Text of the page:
Kirk Read
August 19, 2009
Category: Relationships

Dear Kirk,

My Name is Larry and I'm 19. I have been with my boyfriend for over 2 years now and he is 37. Like most relationships we've had our ups and downs. We've argued and we've made up. He can be really sweet sometimes, leaving me little notes everywhere...he likes to surprise me with little gifts, no matter how small. But he also can be a complete ass. He has this amazing gift of saying the wrong thing at the absolute worst time for it. Like "I don't understand why you're stressing over exams...they're not important."

I've also just realized how controlling he is, when he'd ask me every day to go upstairs and get his laptop for him, or get him a drink etc. If i ask anything of him he tells me to "get it myself and stop being so lazy.”

We'll be in bed, having a nice hug when he grabs my cock. So I'm guessing it wouldn't be wrong for me to assume he...

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Kirk Read
July 30, 2009
Category: Relationships

Dear Kirk,

The guy I fell for this summer turned out to be an absolute disaster. For starters he is uncut and due to horrific past experiences of gay men who did not value cleanliness or had a fear of water, I vowed NEVER to be with someone who is uncut. This guy turns out to be one of the cleanest guys I have been with - cut or uncut for that matter. I kept forgetting how sensitive uncut men are and how fragile the loose skin can be. I am not sure if he felt I was being rough intentially or insensative to his needs. Not only did I feel like his trick every single time, but he made sure I did not perform any sensual acts of affection thus stating that he hates being tickled and that he finds it irritating. I was afraid to touch him let alone attempt to give him a blow job.

When I massaged him for the first time he lectured me on how to give a proper massage (I massage for a living). At times I made the mistake of asking him if he was ready for me to top him and his response would be, "Don't ask me - JUST TAKE IT !”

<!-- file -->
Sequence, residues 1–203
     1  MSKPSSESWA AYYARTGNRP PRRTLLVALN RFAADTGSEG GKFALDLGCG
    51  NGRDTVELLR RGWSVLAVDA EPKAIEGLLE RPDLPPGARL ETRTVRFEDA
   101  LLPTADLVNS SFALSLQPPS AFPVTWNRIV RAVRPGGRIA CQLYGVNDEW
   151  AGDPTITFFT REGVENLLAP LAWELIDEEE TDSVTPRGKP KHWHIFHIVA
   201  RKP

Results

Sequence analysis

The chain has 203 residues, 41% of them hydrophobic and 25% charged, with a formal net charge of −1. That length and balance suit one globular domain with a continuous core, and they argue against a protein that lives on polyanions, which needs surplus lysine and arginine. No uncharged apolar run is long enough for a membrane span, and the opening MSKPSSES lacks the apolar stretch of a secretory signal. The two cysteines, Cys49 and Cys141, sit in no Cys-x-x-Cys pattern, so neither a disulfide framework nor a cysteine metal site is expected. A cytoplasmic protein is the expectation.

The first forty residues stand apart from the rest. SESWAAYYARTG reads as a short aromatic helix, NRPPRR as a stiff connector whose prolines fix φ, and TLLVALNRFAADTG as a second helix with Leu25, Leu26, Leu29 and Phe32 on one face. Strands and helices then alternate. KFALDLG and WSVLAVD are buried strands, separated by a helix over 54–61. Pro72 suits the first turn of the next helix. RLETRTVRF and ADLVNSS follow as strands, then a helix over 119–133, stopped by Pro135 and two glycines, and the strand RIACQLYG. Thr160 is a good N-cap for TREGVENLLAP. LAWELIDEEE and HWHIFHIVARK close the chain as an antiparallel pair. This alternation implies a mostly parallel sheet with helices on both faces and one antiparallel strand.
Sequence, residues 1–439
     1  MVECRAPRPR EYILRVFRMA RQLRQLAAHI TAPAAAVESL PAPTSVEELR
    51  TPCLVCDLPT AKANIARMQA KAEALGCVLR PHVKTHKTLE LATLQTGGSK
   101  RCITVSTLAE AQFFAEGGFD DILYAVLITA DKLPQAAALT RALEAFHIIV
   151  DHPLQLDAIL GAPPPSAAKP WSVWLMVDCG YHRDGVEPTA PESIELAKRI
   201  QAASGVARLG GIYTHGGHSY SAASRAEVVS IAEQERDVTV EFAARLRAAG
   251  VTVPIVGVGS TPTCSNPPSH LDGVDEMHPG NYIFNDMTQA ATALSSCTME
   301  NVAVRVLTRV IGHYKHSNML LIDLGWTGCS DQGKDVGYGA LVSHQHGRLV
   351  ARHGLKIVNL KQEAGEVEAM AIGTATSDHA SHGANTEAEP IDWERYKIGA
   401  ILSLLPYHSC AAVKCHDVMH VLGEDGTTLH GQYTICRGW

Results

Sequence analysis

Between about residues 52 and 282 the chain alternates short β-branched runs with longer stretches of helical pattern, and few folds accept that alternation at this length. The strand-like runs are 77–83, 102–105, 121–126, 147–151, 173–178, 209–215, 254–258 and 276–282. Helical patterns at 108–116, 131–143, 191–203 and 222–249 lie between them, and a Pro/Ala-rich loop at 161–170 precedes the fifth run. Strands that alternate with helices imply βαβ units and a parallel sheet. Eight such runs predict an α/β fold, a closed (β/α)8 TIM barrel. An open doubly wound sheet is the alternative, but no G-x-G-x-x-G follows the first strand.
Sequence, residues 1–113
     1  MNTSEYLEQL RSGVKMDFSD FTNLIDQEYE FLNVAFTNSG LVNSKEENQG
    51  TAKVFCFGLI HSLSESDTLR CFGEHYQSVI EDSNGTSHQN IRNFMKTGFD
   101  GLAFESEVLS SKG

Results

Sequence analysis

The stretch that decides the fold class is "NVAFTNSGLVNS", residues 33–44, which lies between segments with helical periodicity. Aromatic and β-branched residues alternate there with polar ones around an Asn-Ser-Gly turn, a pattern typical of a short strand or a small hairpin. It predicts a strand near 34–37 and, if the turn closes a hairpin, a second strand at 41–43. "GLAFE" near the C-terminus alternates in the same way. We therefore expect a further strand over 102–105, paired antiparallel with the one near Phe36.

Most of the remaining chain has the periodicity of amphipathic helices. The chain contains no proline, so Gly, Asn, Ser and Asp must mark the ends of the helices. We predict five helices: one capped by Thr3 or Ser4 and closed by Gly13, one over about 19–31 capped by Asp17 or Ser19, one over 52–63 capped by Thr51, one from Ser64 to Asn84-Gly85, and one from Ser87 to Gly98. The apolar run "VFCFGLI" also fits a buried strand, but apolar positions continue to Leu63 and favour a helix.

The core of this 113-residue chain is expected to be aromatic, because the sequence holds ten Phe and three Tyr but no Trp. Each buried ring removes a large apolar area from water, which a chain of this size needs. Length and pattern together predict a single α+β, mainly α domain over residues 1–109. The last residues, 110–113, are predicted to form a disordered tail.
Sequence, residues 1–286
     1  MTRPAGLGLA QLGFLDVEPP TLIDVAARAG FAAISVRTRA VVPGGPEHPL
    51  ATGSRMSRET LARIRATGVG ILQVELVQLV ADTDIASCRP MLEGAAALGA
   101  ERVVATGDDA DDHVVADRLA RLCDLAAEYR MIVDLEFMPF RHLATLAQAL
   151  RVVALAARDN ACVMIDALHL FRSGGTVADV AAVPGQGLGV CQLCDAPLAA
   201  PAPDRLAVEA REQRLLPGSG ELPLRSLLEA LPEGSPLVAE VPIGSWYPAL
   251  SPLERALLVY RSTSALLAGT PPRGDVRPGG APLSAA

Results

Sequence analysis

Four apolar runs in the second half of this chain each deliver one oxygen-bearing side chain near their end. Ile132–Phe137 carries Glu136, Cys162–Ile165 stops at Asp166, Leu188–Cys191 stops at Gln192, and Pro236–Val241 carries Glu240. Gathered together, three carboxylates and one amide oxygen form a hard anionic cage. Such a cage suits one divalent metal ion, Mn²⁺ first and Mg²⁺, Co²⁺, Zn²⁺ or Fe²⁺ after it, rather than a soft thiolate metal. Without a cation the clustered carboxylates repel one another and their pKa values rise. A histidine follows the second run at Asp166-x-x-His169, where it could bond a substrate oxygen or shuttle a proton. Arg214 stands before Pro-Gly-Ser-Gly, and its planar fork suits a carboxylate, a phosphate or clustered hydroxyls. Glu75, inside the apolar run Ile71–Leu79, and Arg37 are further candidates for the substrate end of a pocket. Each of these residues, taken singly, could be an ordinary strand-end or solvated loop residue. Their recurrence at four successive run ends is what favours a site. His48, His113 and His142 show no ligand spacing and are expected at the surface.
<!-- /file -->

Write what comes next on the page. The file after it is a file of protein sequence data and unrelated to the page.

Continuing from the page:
Needless to say we argued incessantly in the brief 2 months we were together that seemed like 5 years. I took care of him fiscally and he had the luxury of getting high, sleeping a lot, and being miserable. One of the main arguments is that he never felt the need to respond to any of my text messages or voice mails. He sucked at communication. I valued communication and he valued sex and porn. We partied hard with Tina and GHB.

I guess my question to you is when does one know when to get out of a relationship when things...

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Kirk Read
July 30, 2009
Category: Relationships

Dear Kirk,

The guy I fell for this summer turned out to be an absolute disaster. For starters he is uncut and due to horrific past experiences of gay men who did not value cleanliness or had a fear of water, I vowed NEVER to be with someone who is uncut. This guy turns out to be one of the cleanest guys I have been with - cut or uncut for that matter. I kept forgetting how sensitive uncut men are and how fragile the loose skin can be. I am not sure if he felt I was being rough intentially or insensative to his needs. Not only did I feel like his trick every single time, but he made sure I did not perform any sensual acts of affection thus stating that he hates being tickled and that he finds it irritating. I was afraid to touch him let alone attempt to give him a blow job.

When I massaged him for the first time he lectured me on how to give a proper massage (I massage for a living). At times I made the mistake of asking him if he was ready for me to top him and his response would be, "Don't ask me - JUST TAKE IT !”

Needless to say we argued incessantly in the brief 2 months we were together that seemed like 5 years. I took care of him fiscally and he had the luxury of getting high, sleeping a lot, and being miserable. One of the main arguments is that he never felt the need to respond to any of my text messages or voice mails. He sucked at communication. I valued communication and he valued sex and porn. We partied hard with Tina and GHB.

I guess my question to you is when does one know when to get out of a relationship when things...

Read more
June 26, 2009
Category: Relationships

….And when I thought how my dear friend my lover was
    on his way coming,  O then I was happy,
O then each breath tasted sweeter, and all that day my food
    nourish’d me more, and the beautiful day pass’d well,
And the next came with equal joy, and with the
    next at evening came my friend,
And that night while all was still I heard the waters roll
    slowly continually up the shores,
I heard the hissing rustle of the liquid and sands as
    directed to me whispering to congratulate me,
For the one I love most lay sleeping by me under the same
    cover in the cool night,
In the stillness in the autumn moonbeams his face was
    inclined toward me,
And his arm lay lightly around my breast—and that night